The vast majority of recent books about the financial services industry deal with some aspect of the current economic crisis, and most were written by journalists. Whereas I am not a journalist, and my book doesn’t have anything to do with the financial crisis. I’d also like to believe that, overall, Zero-Sum Game is trying to convey a positive message about futures exchanges in this country and the people running them. Not everyone in the financial services industry is evil and out to screw over the general public! Shocking, I know. But seriously, I felt that I had an opportunity to give readers insight into an industry that is very private and close-knit, and that wields enormous power. And I thought I could do it in an entertaining way, through the story of the bidding war for CBOT.
I wanted to help people understand what derivatives are and how exchanges work at a very basic level, and I wanted to do it subtly, so that no one would feel like he was reading a textbook. That’s why I’m especially pleased when people tell me they found Zero-Sum Game to be surprisingly funny. I can’t really take too much credit for that, though--the people I worked with were hilarious, and in some cases, all I had to do was quote them.
Unlike many of the Wall Street banks, CME Group and ICE are not exactly household names. Why should anyone outside of the financial services industry care about them?
The great irony is that while a lot of people have never heard of CME Group or ICE and their only familiarity with the futures world is probably the movie Trading Places, the exchanges affect the daily lives of consumers around the world much more directly than do any of the big-name investment banks. That’s part of what I cover in Zero-Sum Game: how the futures contracts traded at places like CME Group and ICE provide a critical function that helps prices of items in grocery stores, for example, stay relatively stable day after day.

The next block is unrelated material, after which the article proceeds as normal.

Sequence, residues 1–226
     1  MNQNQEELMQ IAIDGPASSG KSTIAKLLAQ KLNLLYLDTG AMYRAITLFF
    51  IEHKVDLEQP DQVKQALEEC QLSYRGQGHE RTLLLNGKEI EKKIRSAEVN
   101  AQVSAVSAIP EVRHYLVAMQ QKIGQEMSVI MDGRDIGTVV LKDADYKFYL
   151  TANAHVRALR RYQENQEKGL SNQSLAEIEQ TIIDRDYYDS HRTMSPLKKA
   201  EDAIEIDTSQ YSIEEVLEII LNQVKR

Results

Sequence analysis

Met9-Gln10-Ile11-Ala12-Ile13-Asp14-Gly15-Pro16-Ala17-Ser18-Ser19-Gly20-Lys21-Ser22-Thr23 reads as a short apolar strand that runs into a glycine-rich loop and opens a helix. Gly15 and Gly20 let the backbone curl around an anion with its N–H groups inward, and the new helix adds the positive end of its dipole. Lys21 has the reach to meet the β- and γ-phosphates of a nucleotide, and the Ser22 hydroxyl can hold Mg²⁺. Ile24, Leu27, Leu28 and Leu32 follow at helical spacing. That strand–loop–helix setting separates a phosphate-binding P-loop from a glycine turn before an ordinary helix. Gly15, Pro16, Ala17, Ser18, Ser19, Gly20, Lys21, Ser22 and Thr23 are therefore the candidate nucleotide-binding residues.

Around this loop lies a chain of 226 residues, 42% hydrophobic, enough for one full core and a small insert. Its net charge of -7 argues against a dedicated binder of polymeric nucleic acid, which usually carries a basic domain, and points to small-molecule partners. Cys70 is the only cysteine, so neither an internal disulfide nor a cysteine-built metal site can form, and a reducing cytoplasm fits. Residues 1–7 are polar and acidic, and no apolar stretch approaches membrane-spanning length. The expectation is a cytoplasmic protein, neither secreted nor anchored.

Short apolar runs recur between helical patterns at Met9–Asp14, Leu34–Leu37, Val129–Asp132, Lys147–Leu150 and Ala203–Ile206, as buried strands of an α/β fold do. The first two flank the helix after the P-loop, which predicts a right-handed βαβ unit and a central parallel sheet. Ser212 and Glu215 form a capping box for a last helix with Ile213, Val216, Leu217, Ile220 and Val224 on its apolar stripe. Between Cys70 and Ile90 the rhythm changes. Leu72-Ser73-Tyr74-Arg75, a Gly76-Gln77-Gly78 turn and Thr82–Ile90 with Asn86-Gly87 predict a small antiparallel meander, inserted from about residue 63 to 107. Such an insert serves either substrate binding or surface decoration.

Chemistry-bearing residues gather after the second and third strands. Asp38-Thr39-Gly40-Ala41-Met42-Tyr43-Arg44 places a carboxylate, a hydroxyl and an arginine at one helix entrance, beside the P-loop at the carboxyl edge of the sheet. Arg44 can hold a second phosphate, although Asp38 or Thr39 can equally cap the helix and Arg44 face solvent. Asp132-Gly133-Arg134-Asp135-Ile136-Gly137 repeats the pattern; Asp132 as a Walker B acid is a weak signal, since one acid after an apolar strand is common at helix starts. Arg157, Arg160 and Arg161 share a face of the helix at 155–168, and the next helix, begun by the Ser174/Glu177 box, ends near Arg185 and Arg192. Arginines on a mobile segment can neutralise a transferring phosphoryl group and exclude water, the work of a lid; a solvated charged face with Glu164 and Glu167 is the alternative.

And although, as I said earlier, my book isn’t about the financial crisis, the companies and people that Zero-Sum Game revolves around are now being looked to by Washington to help prevent another crisis from happening. That was something I certainly didn’t foresee back in 2006 and 2007. But it makes sense. In the case of CME Group, it’s been around for over 100 years (150 if you count the history of CBOT), and it’s never experienced a customer default in its clearing house. So it’s obviously doing something right, and now the Dodd-Frank legislation is trying to bring that same stability to the over-the-counter derivatives market that caused problems for the likes of Lehman Brothers, Bear Stearns, and AIG. The Dodd-Frank act will force certain over-the-counter (meaning private and until now, unregulated) contracts through exchanges or clearing houses. So all of a sudden there’s this spotlight on CME Group and ICE—the very same companies who were fighting each other for CBOT back in early 2007. My book tells the fascinating histories of these companies and provides a behind-the-curtain look at the men currently in power. I think it’s important that people both inside and outside the banking world get a better understanding of what futures exchanges do and who’s running the show in this increasingly influential and important industry.